New Hampshire v. Guild

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Justia Opinion Summary

Defendant Joshua Guild appealed his conviction on one count of felonious assault and one count of aggravated felonious assault (ASFA) involving the same minor victim. He contended that the superior court erred by: (1) violating New Hampshire Rule of Evidence 615 and RSA 632-A:6, IV (2007) by failing to sequester the minor victim’s mother; (2) erroneously denied his motion to disqualify a juror without first conducting a voir dire of the juror; and (3) erroneously denied his motion to dismiss the AFSA charge. Upon review of the trial record, the Supreme Court held that when, in a criminal trial, a trial court has violated Rule 615 and RSA 626:6, IV by failing to sequester a witness, a new trial is in order unless the State proves that any error was harmless beyond a reasonable doubt. Applying that rule to this case, the Court concluded that any presumption of prejudice was rebutted. Furthermore, because Defendant's conviction was supported by other substantial evidence, and because the evidence did not support a conclusion that the victim’s mother tailored her testimony to the victim’s testimony, the Court held that any error in failing to sequester the victim's mother was harmless beyond a reasonable doubt. With regard to the denial of Defendant's motion to dismiss the AFSA charge, the Court found Defendant did not preserve the argument for the Supreme Court’s review. Defendant’s convictions were upheld.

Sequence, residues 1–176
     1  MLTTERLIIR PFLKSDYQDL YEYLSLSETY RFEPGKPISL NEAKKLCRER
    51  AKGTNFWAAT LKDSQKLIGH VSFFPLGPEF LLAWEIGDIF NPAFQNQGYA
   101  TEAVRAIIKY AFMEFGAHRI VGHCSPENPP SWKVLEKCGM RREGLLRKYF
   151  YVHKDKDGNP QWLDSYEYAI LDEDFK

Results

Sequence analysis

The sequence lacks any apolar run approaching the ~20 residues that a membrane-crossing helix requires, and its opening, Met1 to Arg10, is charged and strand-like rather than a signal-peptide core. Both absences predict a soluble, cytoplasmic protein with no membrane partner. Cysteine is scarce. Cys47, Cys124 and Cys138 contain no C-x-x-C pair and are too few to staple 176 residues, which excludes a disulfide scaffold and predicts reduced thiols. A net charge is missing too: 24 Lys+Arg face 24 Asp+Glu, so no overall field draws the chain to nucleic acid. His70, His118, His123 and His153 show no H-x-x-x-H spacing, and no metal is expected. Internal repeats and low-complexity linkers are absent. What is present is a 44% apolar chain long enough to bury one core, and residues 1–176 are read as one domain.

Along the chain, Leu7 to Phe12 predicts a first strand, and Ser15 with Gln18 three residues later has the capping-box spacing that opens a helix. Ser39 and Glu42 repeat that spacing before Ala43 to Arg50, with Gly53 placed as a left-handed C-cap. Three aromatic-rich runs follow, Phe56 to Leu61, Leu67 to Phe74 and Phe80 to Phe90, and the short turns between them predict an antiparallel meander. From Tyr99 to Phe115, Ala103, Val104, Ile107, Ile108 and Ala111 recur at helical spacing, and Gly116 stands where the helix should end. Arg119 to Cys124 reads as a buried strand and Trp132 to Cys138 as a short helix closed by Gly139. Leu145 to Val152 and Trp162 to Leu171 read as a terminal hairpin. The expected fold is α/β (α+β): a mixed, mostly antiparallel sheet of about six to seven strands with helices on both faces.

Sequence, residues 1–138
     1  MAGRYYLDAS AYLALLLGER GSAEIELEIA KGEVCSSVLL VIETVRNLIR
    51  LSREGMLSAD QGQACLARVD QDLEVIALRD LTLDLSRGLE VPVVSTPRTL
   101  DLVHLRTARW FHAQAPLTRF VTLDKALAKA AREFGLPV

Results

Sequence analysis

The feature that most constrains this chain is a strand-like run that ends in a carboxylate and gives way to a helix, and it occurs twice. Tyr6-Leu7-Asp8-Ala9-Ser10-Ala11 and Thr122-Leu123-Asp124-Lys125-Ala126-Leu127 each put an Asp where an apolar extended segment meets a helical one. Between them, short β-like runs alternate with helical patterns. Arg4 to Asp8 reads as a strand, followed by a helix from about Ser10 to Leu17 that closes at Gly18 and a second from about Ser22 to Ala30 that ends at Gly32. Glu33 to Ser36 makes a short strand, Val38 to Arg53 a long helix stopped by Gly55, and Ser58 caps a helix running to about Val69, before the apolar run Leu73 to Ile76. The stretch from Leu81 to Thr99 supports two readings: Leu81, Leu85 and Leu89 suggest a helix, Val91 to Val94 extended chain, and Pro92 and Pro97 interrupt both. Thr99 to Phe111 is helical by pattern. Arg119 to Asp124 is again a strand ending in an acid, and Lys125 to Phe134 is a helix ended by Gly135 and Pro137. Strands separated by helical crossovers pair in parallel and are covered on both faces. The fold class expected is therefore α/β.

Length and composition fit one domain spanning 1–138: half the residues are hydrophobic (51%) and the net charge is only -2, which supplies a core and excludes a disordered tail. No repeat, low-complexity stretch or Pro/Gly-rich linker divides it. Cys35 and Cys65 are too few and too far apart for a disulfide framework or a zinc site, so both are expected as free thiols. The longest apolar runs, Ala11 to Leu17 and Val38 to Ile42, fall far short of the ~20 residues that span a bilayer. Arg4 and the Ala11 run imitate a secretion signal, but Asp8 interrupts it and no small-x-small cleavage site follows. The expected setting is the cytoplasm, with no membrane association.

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NOTICE: This opinion is subject to motions for rehearing under Rule 22 as well as formal revision before publication in the New Hampshire Reports. Readers are requested to notify the Reporter, Supreme Court of New Hampshire, One Charles Doe Drive, Concord, New Hampshire 03301, of any editorial errors in order that corrections may be made before the opinion goes to press. Errors may be reported by E-mail at the following address: reporter@courts.state.nh.us. Opinions are available on the Internet by 9:00 a.m. on the morning of their release. The direct address of the court's home page is: http://www.courts.state.nh.us/supreme. THE SUPREME COURT OF NEW HAMPSHIRE ___________________________ Merrimack No. 2010-692 THE STATE OF NEW HAMPSHIRE v. JOSHUA GUILD Argued: February 15, 2012 Opinion Issued: April 10, 2012 Michael A. Delaney, attorney general (Nicholas Cort, assistant attorney general, on the brief and orally), for the State. Lisa L. Wolford, assistant appellate defender, of Concord, on the brief and orally, for the defendant. DALIANIS, C.J. The defendant, Joshua Guild, appeals his conviction by a jury on one count of felonious sexual assault, see RSA 632-A:3, III (Supp. 2011), and one count of aggravated felonious sexual assault (AFSA), see RSA 632-A:2, II (Supp. 2011), both involving the same minor victim. He contends that the Superior Court (McNamara, J.): (1) violated New Hampshire Rule of Evidence 615 and RSA 632-A:6, IV (2007) by failing to sequester the minor victim s mother; (2) erroneously denied his motion to disqualify a juror without first conducting a voir dire of the juror; and (3) erroneously denied his motion to dismiss the AFSA charge. We affirm. The jury could have found the following facts. The assaults in this case occurred in February 2006, when the victim was approximately ten and onehalf years old. The defendant, who was her aunt s boyfriend, put his hand under the victim s shirt, then slid it under her underwear and rubbed her buttocks. He then touched her genitals over her underwear and asked if he could touch her vagina. When she said, [n]o, he moved his hand back to her buttocks. The victim reported the assaults immediately to her mother and, later that day, to the police. I. Sequestration of Victim s Mother The defendant first argues that the trial court violated RSA 632-A:6, IV and Rule 615 when it denied his request to sequester the victim s mother during the victim s testimony. Rule 615 provides: At the request of a party the court shall in criminal cases and may in civil cases order witnesses excluded so that they cannot hear the testimony of other witnesses, and it may make the order of its own motion. This rule does not authorize exclusion of (1) a party who is a natural person or a victim of the crime, or (2) an officer or employee of a party in a civil case which is not a natural person designated as its representative by its attorney, or (3) a person whose presence is shown by a party to be essential to the presentation of the party s cause. (Emphasis added.) RSA 632-A:6, IV similarly provides: At the request of a party the court shall, in cases under RSA 632-A [Sexual Assault and Related Offenses], order witnesses excluded so that they cannot hear the testimony of other witnesses, and it may make the order of its own motion. This does not authorize exclusion of a party who is a natural person or a victim of the crime, or a person whose presence is shown by a party to be essential to the presentation of the party s cause. (Emphasis added.) The defendant argues that Rule 615 and RSA 632-A:6, IV mandate that the court sequester a witness in a criminal trial upon request. The defendant contends that the trial court violated both the rule and the statute when it denied his request to sequester the victim s mother, and that this error requires automatic reversal. Rule 615 and RSA 626:6, IV codified a well-established common law tradition of sequestering witnesses as a means of discouraging and exposing fabrication, inaccuracy, and collusion. United States v. Jackson, 60 F.3d 128, 133 (2d Cir. 1995) (quotation omitted; discussing Federal Rule of Evidence 2 615); see N.H. R. Ev. 615 Reporter s Notes. The Supreme Court has observed that this practice, which is part of our inheritance of the common Germanic law, serves two purposes: (1) [i]t exercises a restraint on witnesses tailoring their testimony to that of earlier witnesses ; and (2) it aids in detecting testimony that is less than candid. Geders v. United States, 425 U.S. 80, 87 (1976) (quotation omitted); see Jackson, 60 F.3d at 133. For the purposes of this appeal, we assume, without deciding, that the trial court erred when it denied the defendant s request to sequester the victim s mother. But see Government of Virgin Islands v. Edinborough, 625 F.2d 472, 474-75 (3d Cir. 1980) (trial court has discretion to allow parent of young witness to remain in courtroom under exception for witnesses who are essential to presentation of party s case); Com. v. Bonner, 601 N.E.2d 32, 3435 (Mass. App. Ct. 1992) (no error to allow mother of fourteen-year-old victim to remain in courtroom during victim s testimony). However, we decline the defendant s invitation to rule that this error mandates reversal without further inquiry. To support his argument, the defendant relies upon People v. Dixon, 177 N.E.2d 206 (Ill. 1961), State v. DiModica, 192 A.2d 825 (N.J. 1963), overruled on other grounds by State v. Czachor, 413 A.2d 593 (N.J. 1980), and Vaughn v. State, 479 S.W.2d 873 (Ark. 1972), none of which stand for the per se rule of reversal that the defendant advances. Finding little support for the defendant s per se reversal rule, we turn to other jurisdictions, which have addressed the standard of review of a trial court s sequestration decision. Federal courts construing Federal Rule of Evidence 615, which is similar to New Hampshire Rule 615, have decided that [a]lthough exclusion of witnesses [in a criminal trial] is mandatory, . . . a trial court s violation of [Federal] Rule 615 . . . is grounds for reversal . . . only if the party requesting exclusion was substantially prejudiced by the error. Annotation, Exclusion of Witnesses Under Rule 615 of Federal Rules of Evidence, 181 A.L.R. Fed. 549, 568 (2002) (emphasis added). Some courts have placed the burden of showing prejudice on the party requesting exclusion, . . . but a number of courts have taken the view that prejudice resulting from a trial court s violation of [Federal] Rule 615 is presumed and the burden is on the party opposing sequestration to show that the violation was not prejudicial or was harmless error. Id. In the Third, Fifth, Sixth and Eighth Circuit Courts of Appeals, the burden of proof is on the party requesting exclusion of witnesses. See Edinborough, 625 F.2d at 476; United States v. Green, 293 F.3d 886, 891-92 (5th Cir. 2002); William L. Comer Family Equity Pure Trust v. C.I.R., 958 F.2d 136, 140-41 (6th Cir. 1992); Hollman v. Dale Electronic, Inc., 752 F.2d 311, 313 (8th Cir. 1985). By contrast, in the Second, Fourth and Ninth Circuit Courts of Appeals, prejudice from the failure to exclude witnesses is presumed, and the burden is on the party opposing sequestration to show that any error was harmless. See 3 Jackson, 60 F.3d at 136-37; United States v. Farnham, 791 F.2d 331, 335 (4th Cir. 1986); United States v. Seschillie, 310 F.3d 1208, 1214-17 (9th Cir. 2002). State courts are similarly divided upon this question, with some state courts placing the burden of proving prejudice upon the party seeking sequestration, see, e.g., State v. Morgan, 797 A.2d 616, 632 (Conn. App. Ct. 2002), and others presuming prejudice and placing the burden of proving harmless error upon the party opposing sequestration, see, e.g., Stafford v. State, 736 N.E.2d 326, 331 (Ind. Ct. App. 2000). In a criminal case, [w]e believe the correct view is that the burden to demonstrate lack of prejudice, or harmless error, properly falls on the party that had opposed sequestration. Jackson, 60 F.3d at 136. First, . . . placing the burden of persuasion on the movant virtually demands the impossible; only with 20/20 hindsight could a party demonstrate what would have been said had a witness been sequestered. Id. Moreover, placing the harmless error burden on the party that had opposed sequestration is consistent with Rule 615 s express presumption in favor of sequestration. Id. As the Fourth Circuit Court of Appeals has aptly explained: [W]e understand the mandatory, unambiguous language of the rule to reflect the drafters recognition that any defendant . . . would find it almost impossible to sustain the burden of proving the negative inference that [the non-sequestered witness s] testimony would have been different had he been sequestered. A strict prejudice requirement of this sort would be not only unduly harsh but also self-defeating, in that it would swallow a rule carefully designed to aid the truth-seeking process and preserve the durability and acceptability of verdicts. Rule 615 thus reflects an a priori judgment in favor of sequestration, and the exceptions should be construed narrowly in favor of the party requesting sequestration. Farnham, 791 F.2d at 335. Accordingly, we hold that when, in a criminal trial, a trial court has violated Rule 615 and RSA 626:6, IV by failing to sequester a witness, a new trial is in order unless the State proves that any error was harmless beyond a reasonable doubt. See Jackson, 60 F.3d at 137 (applying federal harmless error standard). Applying this analysis, we conclude that in the case before us any presumption of prejudice has been rebutted. See id. To establish that an error was harmless, the State must prove beyond a reasonable doubt that the error did not affect the verdict. State v. Peters, 162 N.H. 30, 36 (2011). An error in failing to sequester a witness may be harmless beyond a reasonable doubt if, even without the non-sequestered witness s testimony, the other evidence of the defendant s guilt is of an overwhelming nature, quantity, or weight and the 4 non-sequestered witness s testimony is merely cumulative or inconsequential in relation to the strength of the State s evidence of guilt. See id.; see also Jackson, 60 F.3d at 137. The defendant was charged with one count of felonious sexual assault, specifically intentionally touching the victim s buttocks with his hand. He was also charged with one count of AFSA, specifically intentionally touching the [victim s] genitalia with his hand over her clothing. Here, as in State v. Gonzalez, 150 N.H. 74, 79 (2003), and State v. Lemieux, 136 N.H. 329, 331-32 (1992), the evidence most damaging to the defendant was the victim s detailed description of the assaults. At the trial, which began less than a month before the victim s fifteenth birthday, the victim was able to recall events that had occurred as many as four years earlier. See Gonzalez, 150 N.H. at 79. She testified that the assaults occurred at the home her Aunt Cassie shared with the victim s grandmother and uncle. The night before the assaults, the victim had slept in Cassie s bedroom at her grandmother s home. The defendant was Cassie s boyfriend, and he too had stayed the night. On the morning of the assaults, the victim s parents had dropped off the victim s sisters at the grandmother s house, and the victim and her sisters had gone to Cassie s bedroom to watch a movie with Cassie and the defendant. The victim testified that her sisters soon became bored and that they and Cassie went upstairs to play cards, leaving the victim and the defendant alone in Cassie s bedroom. The victim and the defendant were on Cassie s bed when he asked the victim to scoot over. When she did, he put his arm around her and began rubbing her back under her shirt. The defendant then slid his hand down to [the victim s] butt . . . under [her] underwear. The victim testified: He kind of went under the underwear -- I mean over the underwear and slid his hand over to the pants and asked if -- or patted down and asked can I touch this, which was my vagina. She testified that at this point, his hand was over her underwear, and when she told him that he could not touch her vagina, he went back over to my butt. In addition to the victim s testimony, the jury heard from Cassie, who testified that she saw the victim run up from the bedroom, upset . . . [and] shaking. The victim told Cassie: Auntie, I don t think [the defendant is] the guy for you. The victim s father also testified that when he arrived at the grandmother s house that morning, he saw that the victim s face was totally red, and he could tell that she had been crying. He expressed concern because [s]he had totally been crying. Her face was bloody red. The victim s older sister also testified that she was upstairs playing cards while the victim was downstairs in Cassie s bedroom with the defendant. After she finished her card game, she saw the victim come upstairs in tears. 5 The victim s mother did not testify about the assaults. Her testimony was cumulative of testimony the jury had already heard regarding what happened when she arrived at Cassie s house on the morning of the assaults, and the victim s contacts with the police. However, the victim s mother s testimony was not a mere echo of the victim s testimony. Bonner, 601 N.E.2d at 34. For instance, the victim testified that she told her mother that the defendant had hurt her; her mother said that the victim told her that the defendant had touched her. Additionally, the victim testified that when her mother arrived at the house, the defendant was in the bathroom. The victim s mother testified that when she arrived at the house, she walked downstairs to Cassie s bedroom, where she saw the victim lying on the bed with Cassie and the defendant. Because the defendant s conviction is supported by other substantial evidence, and because the evidence does not support a conclusion that the victim s mother tailored her testimony to the victim s testimony, we hold that any error in failing to sequester the victim s mother was harmless beyond a reasonable doubt. Cf. id. at 34-35. II. Voir Dire of Juror The defendant next asserts that the trial court erred when it denied his motion to disqualify a juror without first conducting voir dire of the juror. After closing arguments and the charge to the jury, the defendant raised concerns about the juror s behavior: [DEFENSE COUNSEL]: It was brought to my attention that juror No. 4 was -- and I noticed a little of it -- but was rolling her eyes, laughing, gesticulating during my closing argument. I think she s evidenced that she has already made up her mind in this case, quite clearly by how she reacted to me during my closing argument. Specifically, it s been brought to my attention that she was laughing at me at one point. I hope that s not a reflection on my abilities, but the evidence as she believes it, but I feel it s revealed that she has not remained, to this point, fair and impartial, as she s required to do. .... [DEFENSE COUNSEL]: And I understand that the law presumes the jurors are going to follow the instructions. However, I think by her actions she s evidenced that she hasn t done that. 6 THE COURT: Well, I think it s very difficult to make a presumption based on a juror s body language. I'll also say I was watching the jury, and I did not observe anything that led me to believe that the juror had so clearly made up her mind that she would not follow the instructions. I think the law is I have to presume she'll follow the instructions, so I am going to -- I assume it s a motion to disqualify a juror. [DEFENSE COUNSEL]: Yes, it is, Your Honor. Yes. THE COURT: I'm going to deny that -On appeal, the defendant contends that because he articulated a sufficient basis to suspect that the juror was biased, the trial court was required to voir dire the juror. This argument is not preserved for our review because, as the defendant concedes, he never asked the trial court to voir dire the juror. The defendant argues that preservation is not necessary because the trial court had an independent duty to question the juror. To support this argument, he relies upon cases concerning the trial court s role in investigating a colorable claim that a jury may be biased or tainted by extrinsic contact or communication, State v. Rideout, 143 N.H. 363, 365 (1999). When such a colorable claim is made, the court must undertake an adequate inquiry to determine whether the alleged incident occurred and, if so, whether it was prejudicial. Id. This line of cases is inapplicable when, as here, there is no allegation of any extrinsic contact or communication. See State v. Bader, 148 N.H. 265, 279 (2002). Because the defendant did not preserve this argument for our review, we decline to address it. III. Conviction on AFSA Charge Against Weight of Evidence Finally, the defendant argues that the trial court erred when it denied his motion to dismiss the AFSA charge because the jury s verdict on the AFSA charge was against the weight of the evidence. However, the defendant s motion to dismiss was made at the close of the State s case, and at that juncture was, and could only have been, a challenge to the sufficiency of the evidence. As we recently clarified in State v. Hill, 163 N.H. ___ (decided March 23, 2012), such a motion does not preserve an objection to the jury verdict based upon the weight of the evidence. Accordingly, because the defendant s argument is not preserved for our review, we decline to address it substantively. Affirmed. HICKS, CONBOY and LYNN, JJ., concurred. 7